Pay for Israeli teachers has risen sharply since 2005, but the extra money has gone mostly into the hands of veteran teachers while new ones are severely underpaid compared to their peers in other developed countries.
That is what figures from the latest survey on education by the Organization for Economic Cooperation and Development, released on Tuesday, showed.
Between 2005 and 2018, pay for elementary school teachers in Israel has jumped 40%, for junior high teachers by 50% and for pre-school teachers by 55%, the OECD said in its “Education at a Glance” report.
But new teachers haven’t shared nearly as much as their older colleagues in the pay increase. The gap in pay between a starting teacher and one about to retire was a yawning 150% at the elementary school level and 140% at the high school level in 2018. By comparison, the average pay gap for OECD countries was just 70%.
The figures come amid growing concern about the quality of teachers entering the school system in Israel, as well as the country’s persistent lagging performance in student achievement versus other developed countries.
Demand for teachers has risen sharply as has the number of student getting teaching degrees. However, the academic standards for those accepted into teacher’s colleges has fallen in order to enroll enough students. Government figures show that the average score on the psychometric exam for students enrolled at teacher’s colleges was 488 last year, compared with a national average for all students of 548.
Critics say that low starting pay deters the best and brightest from pursuing a teaching career. The Bank of Israel warned last month that poor schools were hurting the economy by leaving Israelis with poor work skills and cutting their level of labor productivity.
It recommended that the government change that by closing the gap in spending per student between Israel and the OECD average, and increasing the education budget by 13 billion shekels ($3.66 billion) annually in 2018 terms. It said that extra spending should go to improving teaching.
The OECD report said that starting pay for teachers in Israel was also appreciably less than the average for other OECD countries. For instance, starting pay for an Israeli nursery school teacher was 22% less than the OECD average. However, for a preschool teacher with the maximum number of years experience, pay was 25% more than the average.
At other levels, the pay gap was less pronounced between the newest and most veteran teachers. Starting Israeli elementary school teachers got on average 37% than their OECD counterparts, but the most veteran Israeli teachers were getting just 3% less.
Some of that gap should have been closed since last year – although not much: A new collective labor agreement for junior high and high school teachers went into effect this year, under which a starting teacher will earn a gross 8,300 shekels a month. That will still leave starting teachers in Israel way behind their OECD colleagues, whose average pay is the equivalent of 16,500 shekels a month on average.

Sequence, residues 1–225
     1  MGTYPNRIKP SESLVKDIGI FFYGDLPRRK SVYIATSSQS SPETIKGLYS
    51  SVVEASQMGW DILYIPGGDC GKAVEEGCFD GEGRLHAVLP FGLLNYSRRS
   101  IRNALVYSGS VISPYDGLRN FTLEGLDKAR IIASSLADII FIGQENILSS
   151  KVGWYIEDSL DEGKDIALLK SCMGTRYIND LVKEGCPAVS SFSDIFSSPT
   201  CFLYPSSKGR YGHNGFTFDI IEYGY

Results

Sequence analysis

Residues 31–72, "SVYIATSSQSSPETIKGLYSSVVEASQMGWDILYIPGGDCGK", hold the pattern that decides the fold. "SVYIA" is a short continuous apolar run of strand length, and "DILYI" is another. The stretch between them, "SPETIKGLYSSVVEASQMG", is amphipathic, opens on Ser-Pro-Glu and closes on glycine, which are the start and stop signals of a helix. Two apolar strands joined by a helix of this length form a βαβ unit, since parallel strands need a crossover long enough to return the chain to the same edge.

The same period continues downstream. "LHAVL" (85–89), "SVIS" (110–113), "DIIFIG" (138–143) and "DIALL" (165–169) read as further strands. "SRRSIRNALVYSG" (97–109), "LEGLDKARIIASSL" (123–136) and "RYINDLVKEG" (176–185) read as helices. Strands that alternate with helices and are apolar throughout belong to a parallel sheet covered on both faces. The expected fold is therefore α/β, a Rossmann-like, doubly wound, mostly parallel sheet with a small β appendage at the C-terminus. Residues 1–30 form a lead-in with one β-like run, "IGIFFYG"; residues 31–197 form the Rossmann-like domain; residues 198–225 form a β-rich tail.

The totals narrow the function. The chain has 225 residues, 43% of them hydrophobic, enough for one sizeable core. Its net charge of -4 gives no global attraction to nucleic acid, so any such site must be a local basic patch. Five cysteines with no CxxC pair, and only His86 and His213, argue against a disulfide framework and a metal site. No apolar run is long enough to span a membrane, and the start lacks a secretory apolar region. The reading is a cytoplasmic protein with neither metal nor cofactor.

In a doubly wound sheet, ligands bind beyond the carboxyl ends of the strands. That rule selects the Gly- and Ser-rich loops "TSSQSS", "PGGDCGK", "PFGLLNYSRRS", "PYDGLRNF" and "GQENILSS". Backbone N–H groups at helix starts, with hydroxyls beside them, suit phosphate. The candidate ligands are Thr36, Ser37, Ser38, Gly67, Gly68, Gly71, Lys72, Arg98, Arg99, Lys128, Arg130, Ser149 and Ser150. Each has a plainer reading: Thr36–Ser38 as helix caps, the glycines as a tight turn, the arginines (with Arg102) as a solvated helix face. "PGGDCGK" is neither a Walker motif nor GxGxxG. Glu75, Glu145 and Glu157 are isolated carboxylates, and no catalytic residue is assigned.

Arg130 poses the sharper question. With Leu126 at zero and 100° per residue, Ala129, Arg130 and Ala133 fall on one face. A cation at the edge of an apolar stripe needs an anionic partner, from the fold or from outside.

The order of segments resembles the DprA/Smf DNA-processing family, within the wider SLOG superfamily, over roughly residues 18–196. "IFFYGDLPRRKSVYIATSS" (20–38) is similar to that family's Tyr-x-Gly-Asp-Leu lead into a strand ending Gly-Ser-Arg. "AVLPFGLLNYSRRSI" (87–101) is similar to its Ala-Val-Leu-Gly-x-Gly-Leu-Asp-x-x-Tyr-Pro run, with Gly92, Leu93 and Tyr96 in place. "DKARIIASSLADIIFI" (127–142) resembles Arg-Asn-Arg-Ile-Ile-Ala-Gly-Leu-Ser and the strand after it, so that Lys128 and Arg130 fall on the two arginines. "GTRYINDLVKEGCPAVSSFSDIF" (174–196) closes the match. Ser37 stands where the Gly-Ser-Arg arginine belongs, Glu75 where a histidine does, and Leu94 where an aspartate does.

In general, except for those with the most seniority, Israeli teachers get paid far less than their peers in developed countries. At the high school level, for example, starting pay for an Israeli teacher in 2018 was 7,950 shekels a month, compared with 16,700 on average in the OECD.
After 15 years, the gap narrowed to 11,800 versus 17,500, but only at the end of a teacher’s career can he or she expect to nearly close the gap. Then the average salary is 19,350 in Israel and 21,400 on average across the OECD.
Despite that, Israeli teachers worked more hours than the OECD average – 843 over the course of the year, compared with 783. On the other hand, they spent fewer hours on other duties, so that their total work hours were just 1,235, versus an OECD average 1,612.
Another key area where Israeli education is lacking is in preschool. The OECD report found that Israel was in last place among surveyed countries for spending on schooling up to age 3; for ages 3-5, Israel was in 29th place among 31 countries for spending.
Although research has shown that preschool education is critical for children’s success later in life, Israel spends just $2,971 per child up to age 3, compared with $12,080 on average across the OECD. Meantime, Israel is overly reliant on private spending, which accounts for 84% of the costs versus an OECD average of 31% up to age 3. Many young children stay at home.
At ages 3-5, spending grows to $5,470 per child in Israel, but that is a third less than the $8,140 OECD average.
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